Scaffolding a Familiar Epoch
Artist Yasmine ElMeleegy - Curated by Marwa Benhalim
A performative intervention At Stephenson Pharmacy
42 Abdel Khalek Tharwat St., Downtown, Cairo, Egypt
Yasmine ElMeleegy performs as an artist, researcher, historian, museologist, and contractor to untangle the past, present, and possible future of a 19th-century pharmacy in downtown Cairo. Stephenson Pharmacy was founded by George Stephenson in 1889 during the British occupation of Egypt. It was nationalized by President Gamal Abdel Nasser's regime and later bought by Ehsan Samman, whose son runs it to this day. The pharmacy’s aesthetics, with its embossed cabinetry and medical tools collection, brought all the way from England at the time of its establishment, reflecting its colonial history, begging the question if it is a pharmacy or museum.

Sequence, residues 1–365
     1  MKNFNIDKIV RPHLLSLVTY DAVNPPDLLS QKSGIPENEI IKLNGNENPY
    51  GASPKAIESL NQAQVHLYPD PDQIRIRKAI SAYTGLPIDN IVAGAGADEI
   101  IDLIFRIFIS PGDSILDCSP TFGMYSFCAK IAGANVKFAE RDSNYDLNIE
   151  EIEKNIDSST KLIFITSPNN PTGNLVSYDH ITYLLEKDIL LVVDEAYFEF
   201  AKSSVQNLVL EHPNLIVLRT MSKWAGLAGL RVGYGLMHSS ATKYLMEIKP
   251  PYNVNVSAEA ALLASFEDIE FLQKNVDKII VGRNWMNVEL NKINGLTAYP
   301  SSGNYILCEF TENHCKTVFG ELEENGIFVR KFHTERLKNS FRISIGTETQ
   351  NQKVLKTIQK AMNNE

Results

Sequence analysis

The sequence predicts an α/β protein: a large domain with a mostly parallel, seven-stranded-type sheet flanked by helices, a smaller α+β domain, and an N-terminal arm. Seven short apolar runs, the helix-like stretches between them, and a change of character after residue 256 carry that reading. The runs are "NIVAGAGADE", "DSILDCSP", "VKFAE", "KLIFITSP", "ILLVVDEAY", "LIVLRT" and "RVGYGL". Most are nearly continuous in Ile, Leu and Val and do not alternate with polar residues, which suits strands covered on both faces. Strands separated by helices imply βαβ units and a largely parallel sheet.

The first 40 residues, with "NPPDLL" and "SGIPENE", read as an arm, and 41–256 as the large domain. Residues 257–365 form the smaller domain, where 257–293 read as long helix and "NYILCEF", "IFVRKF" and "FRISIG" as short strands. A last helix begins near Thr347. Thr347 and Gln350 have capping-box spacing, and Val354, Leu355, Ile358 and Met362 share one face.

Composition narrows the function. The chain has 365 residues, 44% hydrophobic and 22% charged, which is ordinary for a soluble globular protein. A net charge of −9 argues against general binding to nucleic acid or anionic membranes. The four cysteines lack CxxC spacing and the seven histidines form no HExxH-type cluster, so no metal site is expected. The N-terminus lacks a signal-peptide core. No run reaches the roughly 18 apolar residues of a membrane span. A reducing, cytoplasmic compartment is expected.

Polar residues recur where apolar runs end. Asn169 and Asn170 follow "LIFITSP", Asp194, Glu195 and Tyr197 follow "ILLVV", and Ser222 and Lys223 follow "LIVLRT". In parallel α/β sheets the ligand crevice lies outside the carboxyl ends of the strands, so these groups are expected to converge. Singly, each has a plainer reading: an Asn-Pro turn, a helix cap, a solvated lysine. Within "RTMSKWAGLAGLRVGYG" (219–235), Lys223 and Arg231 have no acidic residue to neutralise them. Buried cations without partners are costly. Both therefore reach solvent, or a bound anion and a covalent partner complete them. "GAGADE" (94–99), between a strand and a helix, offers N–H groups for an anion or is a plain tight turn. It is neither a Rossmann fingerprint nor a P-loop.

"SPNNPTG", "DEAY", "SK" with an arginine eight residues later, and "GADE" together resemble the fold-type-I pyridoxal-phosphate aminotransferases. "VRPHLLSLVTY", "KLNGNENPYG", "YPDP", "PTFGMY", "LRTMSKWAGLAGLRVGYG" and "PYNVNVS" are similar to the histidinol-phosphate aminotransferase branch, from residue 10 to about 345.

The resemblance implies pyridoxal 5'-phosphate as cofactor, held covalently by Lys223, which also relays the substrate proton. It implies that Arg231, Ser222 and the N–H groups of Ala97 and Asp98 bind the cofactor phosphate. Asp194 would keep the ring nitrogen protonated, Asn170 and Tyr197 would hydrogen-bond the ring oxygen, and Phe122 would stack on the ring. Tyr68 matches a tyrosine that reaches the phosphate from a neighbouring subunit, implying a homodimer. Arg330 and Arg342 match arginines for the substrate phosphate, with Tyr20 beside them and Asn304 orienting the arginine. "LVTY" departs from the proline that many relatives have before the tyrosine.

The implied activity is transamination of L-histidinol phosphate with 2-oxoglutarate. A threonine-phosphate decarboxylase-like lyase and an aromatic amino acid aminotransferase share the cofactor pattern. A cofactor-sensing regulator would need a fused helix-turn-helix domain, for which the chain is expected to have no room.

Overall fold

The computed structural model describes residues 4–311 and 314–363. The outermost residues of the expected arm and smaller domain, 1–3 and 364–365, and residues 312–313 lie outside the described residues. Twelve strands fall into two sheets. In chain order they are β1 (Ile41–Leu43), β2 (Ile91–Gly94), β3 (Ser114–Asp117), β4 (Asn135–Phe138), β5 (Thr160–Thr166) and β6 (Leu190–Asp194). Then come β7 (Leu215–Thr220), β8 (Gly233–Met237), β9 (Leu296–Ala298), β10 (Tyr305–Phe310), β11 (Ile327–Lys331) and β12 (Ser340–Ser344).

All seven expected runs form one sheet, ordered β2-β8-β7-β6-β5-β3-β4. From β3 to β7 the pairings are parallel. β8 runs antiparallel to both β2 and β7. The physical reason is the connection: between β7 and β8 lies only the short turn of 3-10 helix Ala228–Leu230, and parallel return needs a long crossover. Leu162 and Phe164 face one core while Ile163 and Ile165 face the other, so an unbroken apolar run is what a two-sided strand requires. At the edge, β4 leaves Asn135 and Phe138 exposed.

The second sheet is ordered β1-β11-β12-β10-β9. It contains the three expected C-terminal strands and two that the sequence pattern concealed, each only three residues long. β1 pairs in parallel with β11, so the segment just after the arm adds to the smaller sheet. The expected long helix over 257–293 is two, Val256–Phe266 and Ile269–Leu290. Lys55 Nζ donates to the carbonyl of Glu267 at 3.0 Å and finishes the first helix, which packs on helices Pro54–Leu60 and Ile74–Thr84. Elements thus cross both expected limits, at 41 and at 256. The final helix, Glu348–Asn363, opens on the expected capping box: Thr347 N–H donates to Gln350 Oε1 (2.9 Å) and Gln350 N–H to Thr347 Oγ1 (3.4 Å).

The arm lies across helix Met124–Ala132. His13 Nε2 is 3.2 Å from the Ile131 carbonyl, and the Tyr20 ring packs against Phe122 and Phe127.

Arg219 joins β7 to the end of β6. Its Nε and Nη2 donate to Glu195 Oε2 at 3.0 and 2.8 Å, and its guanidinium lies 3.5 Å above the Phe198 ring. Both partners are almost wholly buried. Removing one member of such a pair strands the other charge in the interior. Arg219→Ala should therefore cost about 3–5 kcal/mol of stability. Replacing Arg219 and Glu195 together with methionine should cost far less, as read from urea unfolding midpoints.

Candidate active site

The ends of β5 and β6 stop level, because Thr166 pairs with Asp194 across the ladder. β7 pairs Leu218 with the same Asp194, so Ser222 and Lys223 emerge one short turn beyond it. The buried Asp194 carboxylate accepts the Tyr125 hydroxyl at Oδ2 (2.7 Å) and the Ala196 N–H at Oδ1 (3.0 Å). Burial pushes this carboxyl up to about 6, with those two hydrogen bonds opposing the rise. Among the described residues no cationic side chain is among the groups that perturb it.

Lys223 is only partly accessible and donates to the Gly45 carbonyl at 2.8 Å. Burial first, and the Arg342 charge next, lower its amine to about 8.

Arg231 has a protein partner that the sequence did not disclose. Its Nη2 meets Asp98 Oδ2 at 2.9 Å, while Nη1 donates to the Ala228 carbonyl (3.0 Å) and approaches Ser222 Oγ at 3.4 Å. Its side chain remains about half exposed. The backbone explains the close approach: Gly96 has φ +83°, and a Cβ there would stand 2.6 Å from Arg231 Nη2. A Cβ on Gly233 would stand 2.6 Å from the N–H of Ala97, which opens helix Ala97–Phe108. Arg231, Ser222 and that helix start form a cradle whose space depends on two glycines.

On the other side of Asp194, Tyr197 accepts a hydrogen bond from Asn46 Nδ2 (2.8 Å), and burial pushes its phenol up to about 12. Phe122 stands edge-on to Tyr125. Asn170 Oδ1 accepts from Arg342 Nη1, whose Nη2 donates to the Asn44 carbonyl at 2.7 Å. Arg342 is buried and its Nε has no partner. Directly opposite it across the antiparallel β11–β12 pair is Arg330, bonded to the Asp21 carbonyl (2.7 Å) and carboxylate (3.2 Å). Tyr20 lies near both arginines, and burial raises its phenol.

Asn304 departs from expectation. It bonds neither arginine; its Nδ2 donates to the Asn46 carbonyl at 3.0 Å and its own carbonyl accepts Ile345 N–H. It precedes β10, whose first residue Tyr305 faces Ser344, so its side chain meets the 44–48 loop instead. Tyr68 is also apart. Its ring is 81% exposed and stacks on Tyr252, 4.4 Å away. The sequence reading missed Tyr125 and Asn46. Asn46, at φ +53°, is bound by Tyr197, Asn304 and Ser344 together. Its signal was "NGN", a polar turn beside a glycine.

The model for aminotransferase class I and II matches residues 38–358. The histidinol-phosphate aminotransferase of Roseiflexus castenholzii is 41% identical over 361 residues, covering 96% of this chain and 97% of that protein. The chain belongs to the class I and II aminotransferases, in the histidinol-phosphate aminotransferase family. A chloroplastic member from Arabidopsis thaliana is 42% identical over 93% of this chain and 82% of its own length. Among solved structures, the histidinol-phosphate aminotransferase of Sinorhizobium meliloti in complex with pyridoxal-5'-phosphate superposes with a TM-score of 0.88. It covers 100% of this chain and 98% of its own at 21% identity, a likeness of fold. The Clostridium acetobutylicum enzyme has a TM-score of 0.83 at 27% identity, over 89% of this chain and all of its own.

Scaffolding a Familiar Epoch simulates a participatory museum-like experience that surpasses nostalgic narratives while maintaining the allure of fiction and anthropomorphism necessary for the restorative process. ElMeleegy explores how notions of repair and restoration can be expanded from objects, monuments, and spaces to reflect physical and psychological healing processes. Her intervention and meticulous restoration of the Stephenson Pharmacy is not an act solely based on assumptions but one that questions the notions of personal and collective memory, while her sculptures and audio and visual guides infuse the pharmacy with yet another layer of mystery.
Scaffolding a Familiar Epoch employs these artifacts, aesthetics, and architecture to shed light on a history that appears out of sync with our times. It juxtaposes models of cultural consumption, looting, and displacement associated with Western museums with the current state of the healthcare system, dominated by large-scale production and capitalistic practices that have marginalized the role of the pharmacist.
This project is supported by Culture Resource (Al-Mawred Al- Thaqafy Exceptional Grants for Artists & writers).